How to Cook a Wolf
2208 Queen Anne Ave N
One of the occupational hazards of reviewing restaurants is having to wait in line with lots of old people. This is especially true when the restaurant doesn’t take reservations, which unfortunately is the case with How to Cook a Wolf. The inevitable queue usually congeals around the place’s door about a half hour before it opens. Whenever I find out that a restaurant I’d like to patronize doesn’t take reservations, I typically skip lunch because I know it’s going to be an Early Bird Special. So there I was, dutifully lined up at the top of Queen Anne Hill at FOUR THIRTY IN THE AFTERNOON on a Saturday to await How to Cook a Wolf’s opening. Luckily it was sunny. Sadly, we were the SECOND party in line, behind some overachieving geezers. More dessicated pensioners showed up after us.
The door finally opened, but not before an employee of How to Cook a Wolf felt the need to take a picture of the line. I waved. I think he deleted that picture from his phone and took another. I didn’t wave this time, and so he saved the picture. We went in and sat down. You should know that the inside of How to Cook a Wolf looks like a basketball court designed by M.C. Escher. I don’t usually care about ambiance: I’ve had some of the best meals of my life in places that look (and smell) like the emergency room in a charity hospital. But the décor inside How to Cook a Wolf is really unique.
We started with the Hamachi Crudo ($16). Six thin slices of raw sashimi grade yellowtail were drizzled with olive oil and lime juice, and peppered with finely diced jalapeno. It was very refreshing, mildly spicy, and perhaps BEST of all they resisted the clichéd urge to ruin this dish with cilantro. The olive oil was SUPERB, the jalapeno was piquant without overpowering, and the lime juice was a bright top note. It felt like a shorthand version of something vaguely Iberian, maybe Mexican, possibly Sicilian, but probably all three.
Next came the polenta ($13). Two hockey puck- sized discs of polenta, crispy on top but creamy beneath, were served in a shallow dish of a silky béchamel sauce which was so grandma fuckingly good I sopped the rest of it up with bread. After polenta the spaghetti arrived. For $15 you get a bowl of spaghetti anointed with plenty of the same bright green extra virgin olive oil they put on the hamachi, plus garlic, anchovy paste, and red pepper flakes.
In rapid fire succession came the Bucatini ($15). Bucatini is one of the few pasta shapes I hadn’t tried: it’s like really long macaroni, or maybe like thick spaghetti with a pinhole through its center. Either way, it’s awesome. The bucatini was dressed in a light tomato sauce with oregano and guanciale. Guanciale is an air dried pig jowl. Yes, jowls, just like Queen Elizabeth has. The guanciale was diced and seared crisp, and dotted the sauce like little salty porky flavor mines.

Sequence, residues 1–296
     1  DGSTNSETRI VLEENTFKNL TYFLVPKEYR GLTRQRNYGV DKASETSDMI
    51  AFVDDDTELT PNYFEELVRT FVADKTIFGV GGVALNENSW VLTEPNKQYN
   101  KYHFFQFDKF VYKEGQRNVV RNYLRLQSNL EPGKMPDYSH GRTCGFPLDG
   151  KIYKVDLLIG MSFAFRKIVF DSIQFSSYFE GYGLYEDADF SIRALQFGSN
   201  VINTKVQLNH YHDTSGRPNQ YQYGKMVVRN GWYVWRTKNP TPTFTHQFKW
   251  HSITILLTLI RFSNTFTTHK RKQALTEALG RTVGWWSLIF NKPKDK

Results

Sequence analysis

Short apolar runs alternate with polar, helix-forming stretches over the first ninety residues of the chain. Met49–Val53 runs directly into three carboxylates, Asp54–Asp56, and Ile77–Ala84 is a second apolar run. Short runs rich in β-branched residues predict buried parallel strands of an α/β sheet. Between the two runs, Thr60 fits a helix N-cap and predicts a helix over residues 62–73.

Following the bucatini was the Duck Salad ($16). Yes, the salad came out last. One quirk of How to Cook a Wolf is that the dishes seem to come out at random, so you pretty much HAVE to share with whomever you’re dining with, or else your bucatini may come out early while your companion waits for her duck salad. But anyway, I should point out here that How to Cook a Wolf’s duck salad is the first dish I have ever had that really didn’t need the duck, and it’s my opinion that EVERY dish needs some duck in it because I love duck. I’d eat duck ICE CREAM if it existed (which it probably does, thanks to all the Ferran Adria imitators who think they’re “molecular gastronomists,” when they’re ACTUALLY in fact turd burglars). But I don’t need to prove my duck loving cred to you losers. The duck salad was a mix of beets, orange wedges, and thinly sliced rings of red onion, and really didn’t need the roast duck breast which topped it. Don’t get me wrong, the duck was delicious: seared rare, it was juicy and expertly cooked. Still, the salad’s flavors were balanced enough without it. But fuck it, I’ll never turn my nose up at duck because, as the saying goes, if it walks like a duck and fucks like a duck it’s a duck, and that means it’s damn tasty.
By this point we were stuffed like motherfucks, so we wrapped it up with the cheese plate ($8) and the sorbetto (also $8). The cheese plate was a thick triangle of La Tur, which is a mildly pungent Italian soft cheese. A dollop of tomato jam accompanied the cheese, which was a great match because the tomato jam wasn’t cloyingly sweet, and was tart enough to cut through the creaminess. The sorbetto was of three scoops of mango, and was easily as creamy as the cheese, and also not too sweet. Altogether it was a fine ending to a delightful meal.
Unfortunately I have a complaint: the name “How to Cook a Wolf” is dumb because it takes too long to type. It references the title of some 1950’s book where the author talks about, among other things, how to create the cheapest possible nutritious meal, which I guess is some kind of hamburger gruel. This is ironic because my other complaint is that the food is expensive. Fifteen bucks is a lot for a bowl of pasta, especially since the waiter admitted that the pasta wasn’t made in house. That having been said, the dishes were masterful and the uncluttered palette of flavors seemed almost architecturally designed, as mod and crisp as How to Cook a Wolf’s interior. If only they could reduce the prices just a little and change the name to something cool like “Lucifer’s Dining Room,” which is the literary equivalent of a tattoo of a skeleton riding a dragon, I’d have nothing to complain about. And THAT, gentle fuckfaces, would be a FIRST.
Rating: 8 geezers (except Geezer Butler) out of 10